They point out from clear-cut evidence in the voting patterns that Malaysians of all races voted strongly against BN, not just the Chinese. The popular vote itself spoke resoundingly of more than half the voters' rejection of BN. Indeed, this is the first time in Malaysia's electoral history that the winning coalition obtained less of the popular vote than the loser.
Pakatan leader Anwar Ibrahim knows this favours his coalition, and is milking the voters' dissatisfaction to maximum effect through organising the 'Black 505' rallies. In Selangor on May 8, about 100,000 people showed up for what turned out to be essentially another Opposition ceramah running down BN and the Election Commission (EC) for allegedly colluding in the fraud.
But that didn't really matter to the cheering crowd. What mattered most was the sense of community they experienced gathering together to denounce the alleged act of fraud that had denied them a change of government. Those who had been devastated by the GE13 result, those who had cried their hearts out when it was announced – they all experienced catharsis at the Kelana Jaya Stadium in the company of fellow comrades for change.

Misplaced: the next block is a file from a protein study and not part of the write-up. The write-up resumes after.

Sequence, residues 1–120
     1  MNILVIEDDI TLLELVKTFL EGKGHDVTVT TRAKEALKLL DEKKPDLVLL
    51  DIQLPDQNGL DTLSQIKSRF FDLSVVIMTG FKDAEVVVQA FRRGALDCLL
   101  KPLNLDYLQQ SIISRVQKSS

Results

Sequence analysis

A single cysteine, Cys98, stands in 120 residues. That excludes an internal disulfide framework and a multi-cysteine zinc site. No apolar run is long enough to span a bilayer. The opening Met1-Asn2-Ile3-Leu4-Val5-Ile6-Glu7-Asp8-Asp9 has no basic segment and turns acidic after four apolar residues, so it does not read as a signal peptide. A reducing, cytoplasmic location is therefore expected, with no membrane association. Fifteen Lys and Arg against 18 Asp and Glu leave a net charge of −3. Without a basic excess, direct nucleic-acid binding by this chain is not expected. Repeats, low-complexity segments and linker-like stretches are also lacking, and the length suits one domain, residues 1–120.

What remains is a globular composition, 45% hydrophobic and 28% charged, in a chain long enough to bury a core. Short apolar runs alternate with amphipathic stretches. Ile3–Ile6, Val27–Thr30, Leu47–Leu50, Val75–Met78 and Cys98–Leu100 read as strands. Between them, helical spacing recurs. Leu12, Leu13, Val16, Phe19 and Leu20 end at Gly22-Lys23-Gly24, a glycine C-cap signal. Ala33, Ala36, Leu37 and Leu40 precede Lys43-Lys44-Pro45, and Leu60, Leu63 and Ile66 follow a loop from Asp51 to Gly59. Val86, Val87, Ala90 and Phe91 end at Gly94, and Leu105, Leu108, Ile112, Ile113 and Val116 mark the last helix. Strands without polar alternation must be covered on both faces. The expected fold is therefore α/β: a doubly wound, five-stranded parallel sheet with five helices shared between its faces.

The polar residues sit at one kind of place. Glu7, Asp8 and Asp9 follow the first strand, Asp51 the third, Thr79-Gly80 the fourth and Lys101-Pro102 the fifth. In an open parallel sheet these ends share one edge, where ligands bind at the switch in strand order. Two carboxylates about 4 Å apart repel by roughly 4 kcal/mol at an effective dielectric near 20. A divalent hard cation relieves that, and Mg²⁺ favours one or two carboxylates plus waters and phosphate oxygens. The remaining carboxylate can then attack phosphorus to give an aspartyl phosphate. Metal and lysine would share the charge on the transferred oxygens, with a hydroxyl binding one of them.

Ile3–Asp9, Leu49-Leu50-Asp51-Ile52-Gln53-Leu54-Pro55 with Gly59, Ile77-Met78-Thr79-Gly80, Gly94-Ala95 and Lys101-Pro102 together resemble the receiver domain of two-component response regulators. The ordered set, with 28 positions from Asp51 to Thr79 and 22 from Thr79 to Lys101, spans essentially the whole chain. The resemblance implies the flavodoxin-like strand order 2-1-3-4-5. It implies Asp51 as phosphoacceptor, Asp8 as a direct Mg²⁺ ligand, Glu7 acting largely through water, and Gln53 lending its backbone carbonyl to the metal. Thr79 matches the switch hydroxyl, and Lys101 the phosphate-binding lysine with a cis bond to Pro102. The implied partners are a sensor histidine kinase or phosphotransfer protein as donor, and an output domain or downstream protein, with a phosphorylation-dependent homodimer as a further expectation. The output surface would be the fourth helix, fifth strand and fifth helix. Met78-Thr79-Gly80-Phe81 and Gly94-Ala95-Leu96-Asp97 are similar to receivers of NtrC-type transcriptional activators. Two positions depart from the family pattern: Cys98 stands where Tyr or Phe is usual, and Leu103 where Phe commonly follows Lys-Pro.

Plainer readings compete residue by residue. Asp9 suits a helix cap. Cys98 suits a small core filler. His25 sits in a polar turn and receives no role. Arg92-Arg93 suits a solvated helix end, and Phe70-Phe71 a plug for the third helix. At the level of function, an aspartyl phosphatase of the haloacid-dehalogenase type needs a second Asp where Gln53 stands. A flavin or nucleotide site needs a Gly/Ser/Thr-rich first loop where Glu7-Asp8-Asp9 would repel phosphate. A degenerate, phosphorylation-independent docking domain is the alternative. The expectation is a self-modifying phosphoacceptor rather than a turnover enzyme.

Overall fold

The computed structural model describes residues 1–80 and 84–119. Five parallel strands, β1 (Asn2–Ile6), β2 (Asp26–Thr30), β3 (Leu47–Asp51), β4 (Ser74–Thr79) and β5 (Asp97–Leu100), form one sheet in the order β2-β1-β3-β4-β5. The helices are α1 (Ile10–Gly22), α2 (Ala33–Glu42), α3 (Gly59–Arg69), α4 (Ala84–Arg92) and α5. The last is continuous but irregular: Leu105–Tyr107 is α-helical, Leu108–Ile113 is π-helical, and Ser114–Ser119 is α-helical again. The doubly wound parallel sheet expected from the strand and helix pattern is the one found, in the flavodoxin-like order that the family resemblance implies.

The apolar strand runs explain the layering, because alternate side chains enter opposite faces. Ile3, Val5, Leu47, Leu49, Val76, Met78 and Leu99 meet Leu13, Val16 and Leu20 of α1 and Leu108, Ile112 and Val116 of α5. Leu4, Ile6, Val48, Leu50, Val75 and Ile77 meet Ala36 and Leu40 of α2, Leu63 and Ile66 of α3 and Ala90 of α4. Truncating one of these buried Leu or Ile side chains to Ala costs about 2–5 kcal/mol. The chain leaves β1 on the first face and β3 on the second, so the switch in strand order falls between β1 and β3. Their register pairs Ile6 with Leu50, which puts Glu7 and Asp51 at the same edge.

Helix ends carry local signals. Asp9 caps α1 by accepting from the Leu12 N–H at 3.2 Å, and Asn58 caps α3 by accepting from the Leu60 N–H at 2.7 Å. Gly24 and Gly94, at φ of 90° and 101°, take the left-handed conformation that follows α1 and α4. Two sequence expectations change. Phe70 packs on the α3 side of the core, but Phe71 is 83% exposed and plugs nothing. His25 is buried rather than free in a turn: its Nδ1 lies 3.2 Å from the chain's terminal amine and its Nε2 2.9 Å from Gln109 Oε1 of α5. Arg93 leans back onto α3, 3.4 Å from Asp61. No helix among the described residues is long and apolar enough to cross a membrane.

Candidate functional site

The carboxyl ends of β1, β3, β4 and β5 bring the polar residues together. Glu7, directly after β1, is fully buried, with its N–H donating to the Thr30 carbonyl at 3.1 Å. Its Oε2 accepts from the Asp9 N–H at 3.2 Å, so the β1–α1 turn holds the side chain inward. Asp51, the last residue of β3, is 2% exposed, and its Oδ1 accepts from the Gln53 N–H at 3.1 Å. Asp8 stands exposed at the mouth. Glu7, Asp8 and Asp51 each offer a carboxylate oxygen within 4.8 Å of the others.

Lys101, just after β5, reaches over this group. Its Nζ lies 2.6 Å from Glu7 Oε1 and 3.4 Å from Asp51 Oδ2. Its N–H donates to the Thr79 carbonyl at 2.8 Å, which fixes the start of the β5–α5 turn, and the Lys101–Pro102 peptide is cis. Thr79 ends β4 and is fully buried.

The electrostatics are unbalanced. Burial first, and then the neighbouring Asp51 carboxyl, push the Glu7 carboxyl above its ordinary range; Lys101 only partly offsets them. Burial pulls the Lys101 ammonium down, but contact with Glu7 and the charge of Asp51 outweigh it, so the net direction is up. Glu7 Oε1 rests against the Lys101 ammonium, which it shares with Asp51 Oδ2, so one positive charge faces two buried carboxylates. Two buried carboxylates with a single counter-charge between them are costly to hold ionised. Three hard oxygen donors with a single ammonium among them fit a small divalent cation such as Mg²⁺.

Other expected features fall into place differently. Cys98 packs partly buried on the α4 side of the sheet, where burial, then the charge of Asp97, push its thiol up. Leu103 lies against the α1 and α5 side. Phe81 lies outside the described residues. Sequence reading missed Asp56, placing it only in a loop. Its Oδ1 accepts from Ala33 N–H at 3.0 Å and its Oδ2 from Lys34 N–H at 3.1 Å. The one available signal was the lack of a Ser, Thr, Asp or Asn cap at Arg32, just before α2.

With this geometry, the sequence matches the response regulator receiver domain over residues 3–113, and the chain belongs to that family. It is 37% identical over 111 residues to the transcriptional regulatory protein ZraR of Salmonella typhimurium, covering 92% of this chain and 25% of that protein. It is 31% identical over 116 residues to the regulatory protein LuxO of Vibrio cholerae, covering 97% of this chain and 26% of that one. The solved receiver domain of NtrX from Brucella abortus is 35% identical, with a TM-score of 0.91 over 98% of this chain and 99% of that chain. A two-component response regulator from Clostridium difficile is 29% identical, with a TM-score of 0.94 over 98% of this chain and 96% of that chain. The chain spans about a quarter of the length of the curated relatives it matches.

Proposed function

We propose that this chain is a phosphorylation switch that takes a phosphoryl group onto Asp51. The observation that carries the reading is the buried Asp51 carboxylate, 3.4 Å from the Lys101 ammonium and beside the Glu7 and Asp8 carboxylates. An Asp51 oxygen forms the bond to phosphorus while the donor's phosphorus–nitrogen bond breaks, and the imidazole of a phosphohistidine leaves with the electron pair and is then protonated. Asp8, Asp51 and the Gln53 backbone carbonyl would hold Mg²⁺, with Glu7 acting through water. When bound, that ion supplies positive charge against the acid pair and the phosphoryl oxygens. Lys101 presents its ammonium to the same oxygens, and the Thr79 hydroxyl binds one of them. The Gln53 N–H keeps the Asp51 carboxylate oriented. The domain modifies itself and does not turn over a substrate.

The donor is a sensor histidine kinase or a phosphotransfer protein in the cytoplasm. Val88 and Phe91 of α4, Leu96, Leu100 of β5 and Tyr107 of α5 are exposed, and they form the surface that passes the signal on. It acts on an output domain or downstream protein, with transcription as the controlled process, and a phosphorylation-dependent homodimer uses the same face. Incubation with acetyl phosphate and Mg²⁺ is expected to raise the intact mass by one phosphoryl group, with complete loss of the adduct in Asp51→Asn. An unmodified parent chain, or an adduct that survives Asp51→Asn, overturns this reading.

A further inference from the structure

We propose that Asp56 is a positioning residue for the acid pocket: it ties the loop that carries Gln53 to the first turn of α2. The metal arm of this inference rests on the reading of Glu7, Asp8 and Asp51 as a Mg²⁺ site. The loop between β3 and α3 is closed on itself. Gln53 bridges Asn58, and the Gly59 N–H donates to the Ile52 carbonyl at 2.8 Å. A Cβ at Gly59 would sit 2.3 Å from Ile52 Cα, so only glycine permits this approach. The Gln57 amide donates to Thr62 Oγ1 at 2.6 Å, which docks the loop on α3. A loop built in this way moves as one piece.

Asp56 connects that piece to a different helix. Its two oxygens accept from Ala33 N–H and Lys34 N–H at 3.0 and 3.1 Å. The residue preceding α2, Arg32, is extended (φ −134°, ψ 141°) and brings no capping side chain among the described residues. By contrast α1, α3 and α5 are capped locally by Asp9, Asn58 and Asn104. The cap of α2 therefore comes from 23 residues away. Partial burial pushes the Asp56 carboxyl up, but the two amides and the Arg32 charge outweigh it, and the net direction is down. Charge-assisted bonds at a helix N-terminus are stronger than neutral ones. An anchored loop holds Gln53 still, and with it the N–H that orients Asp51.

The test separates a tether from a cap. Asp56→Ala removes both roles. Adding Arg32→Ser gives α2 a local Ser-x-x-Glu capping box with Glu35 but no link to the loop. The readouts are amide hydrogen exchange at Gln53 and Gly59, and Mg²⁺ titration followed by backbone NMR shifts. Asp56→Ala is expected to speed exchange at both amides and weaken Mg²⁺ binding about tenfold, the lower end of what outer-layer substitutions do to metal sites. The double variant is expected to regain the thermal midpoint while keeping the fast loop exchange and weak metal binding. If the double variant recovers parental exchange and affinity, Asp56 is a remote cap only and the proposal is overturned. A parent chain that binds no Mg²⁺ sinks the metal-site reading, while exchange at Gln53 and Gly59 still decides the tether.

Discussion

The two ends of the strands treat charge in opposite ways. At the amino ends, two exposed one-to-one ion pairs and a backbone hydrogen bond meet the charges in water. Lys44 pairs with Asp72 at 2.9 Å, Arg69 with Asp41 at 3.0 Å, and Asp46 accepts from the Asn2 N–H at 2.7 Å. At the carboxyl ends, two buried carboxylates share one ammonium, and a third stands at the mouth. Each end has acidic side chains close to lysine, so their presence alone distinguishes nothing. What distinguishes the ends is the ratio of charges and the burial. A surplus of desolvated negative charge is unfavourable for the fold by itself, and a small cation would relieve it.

I was there that night, and what heartened me was not the politicians' rhetoric but the spirit of the people. They indicated they were not going to accept the GE13 result meekly, and in their cries of "tipu" (cheating) and "bohong" (lying) was the unmistakable ring of steely determination.
It was this that motivated me to attend the Penang rally as well. And what I saw there was basically the same.